countries is of overwhelming significance for governments, regulators, and financial markets—
likewise, for public and private sector organizations and the professional accountants they employ.
The crisis and its aftermath bring into focus significant challenges, most notably:
      Moving to a model of sustainable economies and corporate responsibility where organizations
      pursue more sustainable strategies and actions and take into consideration a broader range of
      stakeholders;
      Balancing compliance requirements with the need to drive organizational performance and
      remain competitive within an increasingly global economy; and
      In some jurisdictions, the need for significant and rapid reduction of government expenditure
      and debt, and increased accountability and transparency in governments.
The current uncertainty puts into the spotlight those core issues that need to be addressed to foster
sustainable economic growth. These include (a) more effective governance, regulation, and
oversight, as well as (b) more effective political and organizational infrastructures and processes to
minimize the risks associated with globalization and to ensure inclusive growth,2 particularly in



1
    See the various professional designations among IFAC’s membership.
2
    See World Bank definition of inclusive growth.


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emerging economies. Long-term sustainable success requires responsible organizations to direct their
strategies and operations to achieving sustainable economic, social, and environmental performance.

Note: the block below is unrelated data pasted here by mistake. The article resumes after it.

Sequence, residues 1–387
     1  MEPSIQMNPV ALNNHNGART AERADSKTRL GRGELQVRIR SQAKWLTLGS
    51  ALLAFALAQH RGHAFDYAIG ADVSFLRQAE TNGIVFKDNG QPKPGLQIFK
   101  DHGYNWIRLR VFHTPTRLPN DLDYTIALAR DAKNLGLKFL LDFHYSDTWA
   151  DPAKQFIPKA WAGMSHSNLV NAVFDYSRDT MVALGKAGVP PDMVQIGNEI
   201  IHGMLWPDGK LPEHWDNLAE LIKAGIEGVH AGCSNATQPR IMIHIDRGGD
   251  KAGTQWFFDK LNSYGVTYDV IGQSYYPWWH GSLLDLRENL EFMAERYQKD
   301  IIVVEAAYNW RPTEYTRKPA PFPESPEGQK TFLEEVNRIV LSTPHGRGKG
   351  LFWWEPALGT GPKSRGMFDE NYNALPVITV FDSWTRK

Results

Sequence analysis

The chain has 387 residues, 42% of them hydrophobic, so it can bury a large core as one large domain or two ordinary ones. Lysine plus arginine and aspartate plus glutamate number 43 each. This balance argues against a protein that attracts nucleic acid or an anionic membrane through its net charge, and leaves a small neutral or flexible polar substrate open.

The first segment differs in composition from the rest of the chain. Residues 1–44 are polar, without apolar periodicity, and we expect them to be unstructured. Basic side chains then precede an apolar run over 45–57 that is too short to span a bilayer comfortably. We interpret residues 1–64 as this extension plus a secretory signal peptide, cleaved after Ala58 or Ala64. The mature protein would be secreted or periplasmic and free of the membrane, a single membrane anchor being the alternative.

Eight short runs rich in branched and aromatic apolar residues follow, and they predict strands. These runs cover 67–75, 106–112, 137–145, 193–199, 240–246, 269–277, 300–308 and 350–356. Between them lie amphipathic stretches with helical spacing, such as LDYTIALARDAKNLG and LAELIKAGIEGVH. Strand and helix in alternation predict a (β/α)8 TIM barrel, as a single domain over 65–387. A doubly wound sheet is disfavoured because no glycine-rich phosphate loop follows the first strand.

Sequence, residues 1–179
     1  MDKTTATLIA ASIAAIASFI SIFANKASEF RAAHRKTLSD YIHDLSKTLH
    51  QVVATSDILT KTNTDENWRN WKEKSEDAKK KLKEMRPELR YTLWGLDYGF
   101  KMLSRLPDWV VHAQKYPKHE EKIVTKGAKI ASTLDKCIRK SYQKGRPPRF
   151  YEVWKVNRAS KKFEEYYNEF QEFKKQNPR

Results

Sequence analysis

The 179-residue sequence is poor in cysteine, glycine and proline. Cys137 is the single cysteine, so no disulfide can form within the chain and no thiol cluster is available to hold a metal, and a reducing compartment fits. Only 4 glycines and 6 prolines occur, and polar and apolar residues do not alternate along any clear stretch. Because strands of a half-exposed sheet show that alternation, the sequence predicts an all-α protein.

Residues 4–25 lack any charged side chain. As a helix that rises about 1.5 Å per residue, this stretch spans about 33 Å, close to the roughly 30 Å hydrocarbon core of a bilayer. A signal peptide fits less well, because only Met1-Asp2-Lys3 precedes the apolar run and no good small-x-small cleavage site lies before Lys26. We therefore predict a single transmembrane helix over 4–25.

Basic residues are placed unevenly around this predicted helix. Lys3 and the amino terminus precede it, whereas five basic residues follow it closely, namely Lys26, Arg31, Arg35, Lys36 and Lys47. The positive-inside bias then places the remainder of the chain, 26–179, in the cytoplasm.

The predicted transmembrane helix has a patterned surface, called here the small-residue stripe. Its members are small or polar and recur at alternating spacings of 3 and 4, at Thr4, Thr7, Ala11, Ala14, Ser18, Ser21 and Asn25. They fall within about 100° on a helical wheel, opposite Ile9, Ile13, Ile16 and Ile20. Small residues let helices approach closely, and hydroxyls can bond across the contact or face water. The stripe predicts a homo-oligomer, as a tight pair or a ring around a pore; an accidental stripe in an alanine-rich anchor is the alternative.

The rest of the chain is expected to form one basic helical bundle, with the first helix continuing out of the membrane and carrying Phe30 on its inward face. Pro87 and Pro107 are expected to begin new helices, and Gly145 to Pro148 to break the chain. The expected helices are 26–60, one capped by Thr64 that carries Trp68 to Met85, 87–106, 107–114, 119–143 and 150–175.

The charting of a new course from crisis to recovery presents an opportunity to position the global
accountancy profession and professional accountants as organizational and financial navigators,
contributing to the implementation of measured and effective responses to help foster sustainable
economic growth.
This will require IFAC, working in partnership with its members, to ensure that the education,
training, and continuing professional development of professional accountants in business remains
aligned with the changing needs of organizations as employers of professional accountants.




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Part 2: Drivers of Sustainable Organizations
Clarifying and promoting the roles, activities, and professional skills of professional accountants in
business needs to be done (a) within the wider context of understanding the attributes of high-
performing sustainable organizations, and (b) with an appreciation of the emerging trends and
developments in the business environment.
The eight drivers of sustainable organizations provide the framework for understanding how the
global accountancy profession needs to support the development of professional accountants in
business so that they can help organizations achieve sustainable value creation. The drivers are:
      Customer and Stakeholder Focus
      Effective Leadership and Strategy
      Integrated Governance, Risk and Control
      Innovation and Adaptability
      Financial Management
      People and Talent Management
      Strategy Execution
      Effective and Transparent Communication.
These drivers represent what organizations need to do to achieve and sustain high performance and
success. They are core elements of every organization striving to be truly sustainable over the long
term. The drivers were defined in light of an analysis of three megatrends:3 globalization,
complexity, and technology, which futurists and business commentators highlight as influential
overarching forces of change. The megatrends are described in Appendix 1 and highlight the main